InDesign remembers the exact location of every one of those guides and places it in the same place on this new spread. Okay, just a couple more things that you might want to do with guides. Some people don't like the fact that all of these guides are the same color. That's okay. You can change the color to something else, if you want. The way you do that is by clicking on just the guide you want to change. So, I just clicked on that with a Selection tool. Then I'm going to right-click with a two-button mouse or Control+Click with a one-button mouse and choose Ruler Guides. Ruler Guides is a way to change the color of a selected guide.

I'll change this to something different, let's say Gold perhaps. Click OK. You'll see that nothing has changed yet, because it's still selected. So, I'm getting this dark blue color. But as soon as I click off of it to deselect that, now you'll see that it's orange or this gold color. The last thing I need to point out is how to get rid of some of your guides. Sometimes, you don't want to have all these guides on here. So, how do you get rid of them? Well, once again guides are just like Objects. So, to get rid of a guide, you simply click on it and hit Delete. It's as easy as that. You can delete it, just by pressing Delete.

If I want to get rid of all my guides, I simply select one of them, and then I'll Right-Click or Ctrl+ Click with a one-button mouse. Then I can choose from the context menu Delete all Guides on Spread. That's a fast way to get rid of all of them. Now, it will not remove the ones that were coming from a master page, like these guides up here were positioned there on the master page. So, InDesign won't touch those, but it does get rid of all the guides that I added to this document page. Guides are intuitive, they're easy to use and they really help you lay out a page quickly. So, really there's no reason not to use them.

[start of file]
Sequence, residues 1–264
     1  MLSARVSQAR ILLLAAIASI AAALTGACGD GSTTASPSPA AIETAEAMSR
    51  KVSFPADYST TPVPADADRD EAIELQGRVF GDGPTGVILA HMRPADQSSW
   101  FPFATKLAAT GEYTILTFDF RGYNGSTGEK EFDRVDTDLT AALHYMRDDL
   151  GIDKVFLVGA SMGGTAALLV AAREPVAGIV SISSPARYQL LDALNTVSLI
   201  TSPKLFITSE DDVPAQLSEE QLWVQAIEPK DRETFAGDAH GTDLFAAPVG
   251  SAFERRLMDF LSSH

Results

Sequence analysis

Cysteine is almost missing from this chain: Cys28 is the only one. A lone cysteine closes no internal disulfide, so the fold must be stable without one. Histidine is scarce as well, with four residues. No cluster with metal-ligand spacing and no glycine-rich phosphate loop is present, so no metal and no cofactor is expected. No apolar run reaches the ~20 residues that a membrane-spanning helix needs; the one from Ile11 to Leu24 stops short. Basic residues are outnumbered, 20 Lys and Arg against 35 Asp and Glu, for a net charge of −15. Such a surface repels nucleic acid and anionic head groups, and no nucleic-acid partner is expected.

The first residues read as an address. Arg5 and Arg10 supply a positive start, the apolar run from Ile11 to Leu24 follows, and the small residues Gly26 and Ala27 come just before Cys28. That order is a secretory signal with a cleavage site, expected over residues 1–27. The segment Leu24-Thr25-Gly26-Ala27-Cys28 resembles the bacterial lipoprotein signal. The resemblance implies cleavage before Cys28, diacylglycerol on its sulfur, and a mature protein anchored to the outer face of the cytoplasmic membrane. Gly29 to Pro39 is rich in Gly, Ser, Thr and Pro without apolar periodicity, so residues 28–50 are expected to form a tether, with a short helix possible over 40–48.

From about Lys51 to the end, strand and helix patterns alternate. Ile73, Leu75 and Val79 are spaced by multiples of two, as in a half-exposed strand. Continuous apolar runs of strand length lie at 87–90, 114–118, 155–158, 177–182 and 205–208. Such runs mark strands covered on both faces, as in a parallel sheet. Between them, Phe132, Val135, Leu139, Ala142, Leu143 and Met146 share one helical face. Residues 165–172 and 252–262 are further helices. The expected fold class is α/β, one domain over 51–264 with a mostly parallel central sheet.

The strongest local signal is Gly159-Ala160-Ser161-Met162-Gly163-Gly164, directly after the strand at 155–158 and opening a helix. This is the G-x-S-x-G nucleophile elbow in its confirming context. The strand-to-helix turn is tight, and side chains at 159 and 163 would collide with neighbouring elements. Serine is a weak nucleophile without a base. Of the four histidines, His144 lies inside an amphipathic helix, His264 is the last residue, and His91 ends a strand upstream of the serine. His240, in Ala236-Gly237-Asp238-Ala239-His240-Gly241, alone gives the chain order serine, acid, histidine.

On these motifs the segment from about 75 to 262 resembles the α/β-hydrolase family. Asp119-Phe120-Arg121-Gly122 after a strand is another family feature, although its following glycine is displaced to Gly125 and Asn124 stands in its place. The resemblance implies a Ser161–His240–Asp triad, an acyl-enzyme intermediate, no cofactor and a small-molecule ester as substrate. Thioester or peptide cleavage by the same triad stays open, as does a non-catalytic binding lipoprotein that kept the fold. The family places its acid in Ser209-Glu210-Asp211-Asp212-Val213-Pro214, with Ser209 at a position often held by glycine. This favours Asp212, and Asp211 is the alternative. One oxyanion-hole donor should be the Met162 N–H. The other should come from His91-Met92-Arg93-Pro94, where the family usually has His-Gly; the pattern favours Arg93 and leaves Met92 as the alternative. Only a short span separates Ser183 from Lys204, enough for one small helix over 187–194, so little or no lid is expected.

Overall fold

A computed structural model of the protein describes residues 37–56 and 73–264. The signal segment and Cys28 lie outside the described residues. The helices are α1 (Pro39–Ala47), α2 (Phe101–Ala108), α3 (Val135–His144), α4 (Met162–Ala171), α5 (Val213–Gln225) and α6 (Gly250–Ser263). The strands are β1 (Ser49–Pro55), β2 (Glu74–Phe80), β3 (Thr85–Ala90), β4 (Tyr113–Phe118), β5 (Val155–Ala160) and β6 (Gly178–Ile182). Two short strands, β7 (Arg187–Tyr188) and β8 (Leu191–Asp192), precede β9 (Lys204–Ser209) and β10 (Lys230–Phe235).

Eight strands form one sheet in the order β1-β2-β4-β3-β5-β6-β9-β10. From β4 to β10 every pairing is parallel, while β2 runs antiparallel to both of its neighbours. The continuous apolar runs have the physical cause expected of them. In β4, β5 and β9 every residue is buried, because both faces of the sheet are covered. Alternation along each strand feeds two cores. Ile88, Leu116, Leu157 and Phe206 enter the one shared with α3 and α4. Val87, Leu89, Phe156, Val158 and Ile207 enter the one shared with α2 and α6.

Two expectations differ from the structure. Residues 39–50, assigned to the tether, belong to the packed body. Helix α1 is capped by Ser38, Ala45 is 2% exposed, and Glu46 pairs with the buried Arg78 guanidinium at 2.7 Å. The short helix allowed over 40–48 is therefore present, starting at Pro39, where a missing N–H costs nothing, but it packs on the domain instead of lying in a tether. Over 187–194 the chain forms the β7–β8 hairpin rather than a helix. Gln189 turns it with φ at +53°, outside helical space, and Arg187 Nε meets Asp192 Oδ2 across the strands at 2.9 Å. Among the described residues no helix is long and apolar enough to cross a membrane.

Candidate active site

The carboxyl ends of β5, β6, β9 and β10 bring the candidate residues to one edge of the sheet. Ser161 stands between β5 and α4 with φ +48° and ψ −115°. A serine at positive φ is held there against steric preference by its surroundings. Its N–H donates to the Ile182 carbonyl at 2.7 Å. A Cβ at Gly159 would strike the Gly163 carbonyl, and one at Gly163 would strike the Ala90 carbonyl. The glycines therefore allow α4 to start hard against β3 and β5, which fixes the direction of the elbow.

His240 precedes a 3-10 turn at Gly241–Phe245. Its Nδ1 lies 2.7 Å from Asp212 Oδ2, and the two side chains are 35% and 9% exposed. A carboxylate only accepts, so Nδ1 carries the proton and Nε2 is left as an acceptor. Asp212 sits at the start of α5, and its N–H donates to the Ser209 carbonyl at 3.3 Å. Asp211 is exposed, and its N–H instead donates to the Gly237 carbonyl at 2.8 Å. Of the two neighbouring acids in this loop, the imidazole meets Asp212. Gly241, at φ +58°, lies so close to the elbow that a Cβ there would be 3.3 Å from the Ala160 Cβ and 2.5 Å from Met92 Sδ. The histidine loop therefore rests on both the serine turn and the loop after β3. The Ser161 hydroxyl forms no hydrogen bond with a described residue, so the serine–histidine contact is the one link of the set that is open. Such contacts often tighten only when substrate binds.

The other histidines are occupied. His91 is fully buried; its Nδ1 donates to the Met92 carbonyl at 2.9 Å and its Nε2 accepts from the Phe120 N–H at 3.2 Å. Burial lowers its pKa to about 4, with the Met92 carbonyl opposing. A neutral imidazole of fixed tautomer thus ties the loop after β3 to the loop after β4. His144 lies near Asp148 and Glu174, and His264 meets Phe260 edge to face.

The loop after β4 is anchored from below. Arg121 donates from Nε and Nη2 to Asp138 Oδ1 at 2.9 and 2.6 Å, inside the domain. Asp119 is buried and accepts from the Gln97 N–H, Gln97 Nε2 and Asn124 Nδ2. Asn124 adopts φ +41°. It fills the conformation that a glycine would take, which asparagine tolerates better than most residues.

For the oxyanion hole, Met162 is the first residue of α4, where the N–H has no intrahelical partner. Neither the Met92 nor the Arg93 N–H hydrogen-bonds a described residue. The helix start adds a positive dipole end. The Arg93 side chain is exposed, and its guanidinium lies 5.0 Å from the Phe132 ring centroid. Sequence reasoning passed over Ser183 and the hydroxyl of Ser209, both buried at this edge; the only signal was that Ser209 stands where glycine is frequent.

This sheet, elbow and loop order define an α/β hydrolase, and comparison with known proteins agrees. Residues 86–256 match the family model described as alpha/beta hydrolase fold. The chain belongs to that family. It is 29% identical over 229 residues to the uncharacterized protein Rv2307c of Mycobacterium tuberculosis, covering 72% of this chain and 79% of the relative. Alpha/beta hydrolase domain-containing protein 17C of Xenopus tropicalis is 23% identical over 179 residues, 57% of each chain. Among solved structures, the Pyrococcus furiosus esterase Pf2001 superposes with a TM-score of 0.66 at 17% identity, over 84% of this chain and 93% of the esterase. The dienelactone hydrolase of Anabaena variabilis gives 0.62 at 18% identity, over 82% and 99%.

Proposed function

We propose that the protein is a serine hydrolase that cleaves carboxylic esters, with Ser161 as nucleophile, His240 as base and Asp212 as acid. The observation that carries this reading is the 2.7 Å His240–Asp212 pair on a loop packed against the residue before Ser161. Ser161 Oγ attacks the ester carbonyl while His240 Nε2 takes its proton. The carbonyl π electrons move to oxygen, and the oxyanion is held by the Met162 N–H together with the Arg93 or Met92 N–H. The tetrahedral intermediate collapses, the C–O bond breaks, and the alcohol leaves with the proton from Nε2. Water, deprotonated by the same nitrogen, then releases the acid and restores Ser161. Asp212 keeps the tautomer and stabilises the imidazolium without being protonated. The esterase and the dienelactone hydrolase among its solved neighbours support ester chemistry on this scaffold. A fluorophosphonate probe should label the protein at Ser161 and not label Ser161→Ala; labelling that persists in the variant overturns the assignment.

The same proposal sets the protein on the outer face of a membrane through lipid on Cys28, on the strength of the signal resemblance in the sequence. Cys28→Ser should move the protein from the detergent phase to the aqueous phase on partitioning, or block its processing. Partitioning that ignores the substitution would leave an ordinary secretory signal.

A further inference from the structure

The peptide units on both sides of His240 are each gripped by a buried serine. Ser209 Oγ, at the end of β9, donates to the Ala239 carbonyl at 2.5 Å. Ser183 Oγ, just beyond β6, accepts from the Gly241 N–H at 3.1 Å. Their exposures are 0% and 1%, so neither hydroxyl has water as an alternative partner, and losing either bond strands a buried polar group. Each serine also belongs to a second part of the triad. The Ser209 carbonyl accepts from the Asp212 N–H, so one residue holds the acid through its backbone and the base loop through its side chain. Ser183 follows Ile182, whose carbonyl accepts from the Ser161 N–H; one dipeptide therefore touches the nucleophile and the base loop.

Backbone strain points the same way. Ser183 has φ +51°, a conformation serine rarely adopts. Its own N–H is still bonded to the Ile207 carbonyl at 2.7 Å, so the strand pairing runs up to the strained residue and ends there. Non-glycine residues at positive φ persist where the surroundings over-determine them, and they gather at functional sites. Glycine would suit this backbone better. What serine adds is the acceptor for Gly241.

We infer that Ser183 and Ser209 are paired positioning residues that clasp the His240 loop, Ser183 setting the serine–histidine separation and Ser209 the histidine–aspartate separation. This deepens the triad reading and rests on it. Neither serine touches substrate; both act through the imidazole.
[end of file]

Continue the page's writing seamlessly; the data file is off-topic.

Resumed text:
Find answers to the most frequently asked questions about InDesign CS5 Essential Training .

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Q: In the “Exporting to PDF” video, the author states "The flattener, and how to control it, is an advanced topic that I cover in a later title."
Is this “later title” available on yet?
A: Unfortunately that title is still in development. However, the features are exactly the same in CS4, so please see Chapter 11 in InDesign CS4 Beyond the Basics.
Q: Can an image be placed into a cell in InDesign?
A: Yes,  but only as an anchored (inline) object. Cut the frame with the Selection tool, switch to the Type tool, click in the cell, and Paste.
Q: Is it possible to load or import pages from one document to another in InDesign CS5?
A: Pages cannot be “loaded”, but they can be "pushed" from one document to another by choosing Layout > Pages > Move Pages.
Q: When I place an image, it is distorted or pixilated to the point of not being able to use it. I can place or open those same images in Photoshop or Illustrator and they are fine.
A: You are likely seeing the low-resolution preview. To see high resolution or vector artwork, choose View > Display Performance > High Quality.